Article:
Cosmos 1 is part of a grand new age of exploration that is unfurling about us. This is not a government funded mission — nor do we expect a huge cash prize at the end. This is a mission of true exploration, sponsored by Cosmos Studios, and supported by Members of The Planetary Society from all over the world.

What do we expect? We expect to test a truly new type of technology – a Solar Sail Spacecraft. A technology that could some day take us to the stars.

A solar sail is a spacecraft without an engine – it is pushed along directly by light particles from the Sun, reflecting off giant mirror-like sails. Because it carries no fuel and keeps accelerating over almost unlimited distances, it is the only technology now in existence that can one day take us to the stars.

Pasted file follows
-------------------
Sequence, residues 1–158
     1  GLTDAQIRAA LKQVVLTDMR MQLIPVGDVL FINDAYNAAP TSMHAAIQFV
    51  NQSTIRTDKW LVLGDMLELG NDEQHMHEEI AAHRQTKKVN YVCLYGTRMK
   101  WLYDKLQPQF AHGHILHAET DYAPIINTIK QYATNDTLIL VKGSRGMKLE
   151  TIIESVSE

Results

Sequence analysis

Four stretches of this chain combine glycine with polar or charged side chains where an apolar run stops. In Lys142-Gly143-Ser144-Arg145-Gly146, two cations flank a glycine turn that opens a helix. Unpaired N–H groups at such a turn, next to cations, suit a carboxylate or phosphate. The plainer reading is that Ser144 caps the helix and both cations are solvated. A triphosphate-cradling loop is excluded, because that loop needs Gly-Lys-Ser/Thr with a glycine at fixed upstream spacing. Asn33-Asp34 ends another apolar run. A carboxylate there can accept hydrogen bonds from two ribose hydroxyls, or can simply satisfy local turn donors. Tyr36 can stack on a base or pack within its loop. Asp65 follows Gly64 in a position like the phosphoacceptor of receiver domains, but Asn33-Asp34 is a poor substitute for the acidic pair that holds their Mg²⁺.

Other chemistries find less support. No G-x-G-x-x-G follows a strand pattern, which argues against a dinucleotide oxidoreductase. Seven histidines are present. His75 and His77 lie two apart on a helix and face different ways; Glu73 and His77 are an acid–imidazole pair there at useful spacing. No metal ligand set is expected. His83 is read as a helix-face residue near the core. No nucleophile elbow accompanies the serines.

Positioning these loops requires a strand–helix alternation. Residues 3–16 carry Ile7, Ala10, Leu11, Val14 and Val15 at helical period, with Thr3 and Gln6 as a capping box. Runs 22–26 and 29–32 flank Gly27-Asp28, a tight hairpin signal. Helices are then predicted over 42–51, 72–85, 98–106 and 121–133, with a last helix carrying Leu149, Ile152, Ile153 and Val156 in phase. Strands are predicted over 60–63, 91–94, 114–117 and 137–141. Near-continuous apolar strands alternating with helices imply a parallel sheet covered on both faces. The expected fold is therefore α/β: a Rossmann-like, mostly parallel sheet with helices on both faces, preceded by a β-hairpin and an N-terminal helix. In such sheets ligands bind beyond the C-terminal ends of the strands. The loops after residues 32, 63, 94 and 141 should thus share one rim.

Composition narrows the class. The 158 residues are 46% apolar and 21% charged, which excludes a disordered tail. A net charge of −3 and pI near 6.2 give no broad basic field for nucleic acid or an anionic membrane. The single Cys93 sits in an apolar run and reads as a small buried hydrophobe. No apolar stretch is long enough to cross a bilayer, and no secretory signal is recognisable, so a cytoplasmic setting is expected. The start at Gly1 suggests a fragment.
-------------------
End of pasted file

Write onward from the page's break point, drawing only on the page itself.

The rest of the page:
Cosmos 1 has 8 triangular sails, each 15 meters (50 feet) in length, configured around the spacecraft’s body at the center. The sails will be deployed by inflatable tubes once the spacecraft is in orbit.

The spacecraft will be launched from a submerged Russian submarine in the Barents Sea. It will be carried into orbit on board a Volna rocket – a converted ICBM left over from the old Soviet arsenal.

Cosmos 1 will orbit the Earth at an altitude of over 800 kilometers. It will gradually raise its orbit by solar sailing — the pressure of light particles from the Sun upon its luminous sails.

The Spacecraft is being built in Russia by NPO Lavochkin under contract to The Planetary Society. Cosmos Studios is the project’s sole sponsor.

The mission will demonstrate the feasibility of Solar Sail flight, opening the way to interplanetary travel and someday – sailing to the stars.

More here.